The shop steward of the future - LO conducts major survey

A major new survey of Danish shop stewards, published in September 1998, indicates that the shop steward of the future will not only be involved in bargaining over pay and working conditions. Shop stewards, it is suggested, will become increasingly involved in more strategic and financial decisions at the workplace. This presents new requirements for shop steward training, and may also be a challenge for the trade union movement.

A major survey of the working conditions and profile of Danish shop stewards (tillidsrepræsentanter) was presented on 28 September 1998 to 2,700 shop stewards at a "shop steward summit" in Odense. The Shop steward survey 1998 (Tillidsrepræsentantundersøgelsen 1998) was carried out for the Danish Confederation of Trade Unions (Landsorganisationen i Danmark, LO) by the Industrial Relations Research Group (FAOS) at Copenhagen University, and a total of 7,704 shop stewards from 20 LO-affiliated trade unions filled in questionnaires. This is equivalent to around one-third of the total of 25,000 or so shop stewards in LO's member unions. In addition, 50 shop stewards and managers were interviewed. The survey provides a profile of shop stewards in 1998 and a picture of how they experience their working conditions.

The main findings of theShop steward survey 1998 are available, in Danish, on the Internet, along with impressions from the presentation of the survey.

The shop steward of the future - well-trained in finance and strategy

Among the notable findings of the survey is a suggestion of the requirements which will be placed on the shop steward of the future. Analysis of the shop stewards' answers gives an indication of these requirements and of how the trade union movement should support shop stewards in future.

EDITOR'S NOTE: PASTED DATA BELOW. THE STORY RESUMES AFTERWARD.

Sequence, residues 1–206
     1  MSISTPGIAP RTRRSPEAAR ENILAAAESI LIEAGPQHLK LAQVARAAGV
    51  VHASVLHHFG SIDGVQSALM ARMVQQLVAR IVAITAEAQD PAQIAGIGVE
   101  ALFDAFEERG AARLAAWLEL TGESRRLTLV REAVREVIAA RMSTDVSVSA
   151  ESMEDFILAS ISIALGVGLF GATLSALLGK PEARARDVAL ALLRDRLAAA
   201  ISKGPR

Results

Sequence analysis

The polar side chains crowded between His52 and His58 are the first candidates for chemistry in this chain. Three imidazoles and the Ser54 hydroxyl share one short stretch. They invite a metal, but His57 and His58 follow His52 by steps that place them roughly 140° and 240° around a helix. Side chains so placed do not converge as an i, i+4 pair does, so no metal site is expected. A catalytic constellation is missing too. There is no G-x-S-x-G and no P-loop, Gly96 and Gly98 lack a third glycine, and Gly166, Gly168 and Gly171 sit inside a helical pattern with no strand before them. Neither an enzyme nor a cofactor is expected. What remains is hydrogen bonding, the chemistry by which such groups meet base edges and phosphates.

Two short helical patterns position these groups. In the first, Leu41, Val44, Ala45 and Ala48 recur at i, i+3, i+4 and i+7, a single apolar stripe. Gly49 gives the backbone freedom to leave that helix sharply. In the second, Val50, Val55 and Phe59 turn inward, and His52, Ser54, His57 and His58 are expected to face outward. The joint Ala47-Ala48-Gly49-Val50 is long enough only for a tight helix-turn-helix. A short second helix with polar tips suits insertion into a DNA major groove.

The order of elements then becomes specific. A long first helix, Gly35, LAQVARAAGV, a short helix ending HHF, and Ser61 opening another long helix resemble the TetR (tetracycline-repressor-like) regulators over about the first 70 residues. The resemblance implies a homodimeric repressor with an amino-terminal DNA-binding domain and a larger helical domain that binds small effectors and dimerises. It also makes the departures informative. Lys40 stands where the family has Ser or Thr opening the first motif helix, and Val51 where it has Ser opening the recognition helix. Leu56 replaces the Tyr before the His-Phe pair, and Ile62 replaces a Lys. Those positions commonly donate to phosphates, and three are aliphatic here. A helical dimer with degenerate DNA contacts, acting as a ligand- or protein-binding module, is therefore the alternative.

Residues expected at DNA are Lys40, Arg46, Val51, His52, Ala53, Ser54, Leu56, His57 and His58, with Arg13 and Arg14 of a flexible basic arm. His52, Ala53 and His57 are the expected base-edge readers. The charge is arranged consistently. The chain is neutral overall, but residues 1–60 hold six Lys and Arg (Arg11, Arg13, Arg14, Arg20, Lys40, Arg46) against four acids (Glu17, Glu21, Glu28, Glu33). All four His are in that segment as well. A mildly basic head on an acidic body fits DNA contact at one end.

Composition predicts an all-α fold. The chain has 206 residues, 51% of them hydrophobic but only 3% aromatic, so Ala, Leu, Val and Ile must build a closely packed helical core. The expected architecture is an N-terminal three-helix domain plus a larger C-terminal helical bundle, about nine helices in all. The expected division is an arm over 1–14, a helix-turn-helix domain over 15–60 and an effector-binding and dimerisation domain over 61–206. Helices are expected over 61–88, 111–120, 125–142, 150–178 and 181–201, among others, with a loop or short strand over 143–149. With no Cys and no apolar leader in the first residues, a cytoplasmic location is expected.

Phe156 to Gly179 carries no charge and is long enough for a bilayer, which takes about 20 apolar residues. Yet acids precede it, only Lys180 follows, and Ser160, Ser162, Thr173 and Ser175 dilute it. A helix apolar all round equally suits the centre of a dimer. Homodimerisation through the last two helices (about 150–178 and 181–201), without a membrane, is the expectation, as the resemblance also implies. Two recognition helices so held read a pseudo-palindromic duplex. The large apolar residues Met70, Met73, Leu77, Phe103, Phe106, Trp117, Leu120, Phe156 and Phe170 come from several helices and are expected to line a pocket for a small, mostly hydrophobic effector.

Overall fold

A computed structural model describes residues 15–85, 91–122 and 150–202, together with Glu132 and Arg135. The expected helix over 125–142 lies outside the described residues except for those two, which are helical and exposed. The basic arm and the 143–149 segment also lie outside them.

A general trend seems to be that shop stewards are becoming increasingly involved in financial and strategic decisions. Managers seem increasingly willing to involve shop stewards in such decisions. If the steward is involved in a decision, it is often much easier to sell the idea to the employees. However, many shop stewards state that they are not sufficiently well qualified to make decisions at these levels. Among the competences which most stewards feel they need to improve are negotiating skills (60%) and knowledge of finance and accounts (48%).

Together with statements from interviews, these findings indicate that the role of the shop steward is changing. Cooperation with management and new requirements placed on shop stewards and consequently on their formal training, mean that stewards are expected to be able to take a more active part in formal decision-making which goes beyond the day-to-day level. This may also result in the shop steward, and in the long term the trade union movement, being faced with a dilemma. The more the shop steward becomes involved in financial affairs and strategy at managerial level, the higher the risk that he or she will become distanced from his or her colleagues' daily problems and instead see things from the perspective of management. This may become a challenge for both the individual shop steward and the union movement - raising the question of how to tackle the new opportunities for participation while maintaining contact with the support base, the rank-and-file members.

Five theme reports

The above are some of the main findings from two of the five theme reports - The shop steward of the future and New roles, new knowledge- which make up the Shop steward survey 1998. The five reports cover the following issues.

  1. Shop steward '98 gives a profile of shop stewards, in terms of: their age and sex composition; why a person chooses to become a shop steward; the average shop steward's length of service; family situation; sectoral affiliation; and educational and training background.
  2. The cooperating shop steward deals with conditions at the workplace. It finds that the shop steward is the buffer between management and employees in both cooperation and disputes. It is the shop steward who must communicate and mediate between the views of two parties, and for many this is precisely the exciting aspect of the role. However, many shop stewards do not feel that they have sufficient time for their work as a steward, and many lack feedback from their colleagues about whether they are doing their job properly.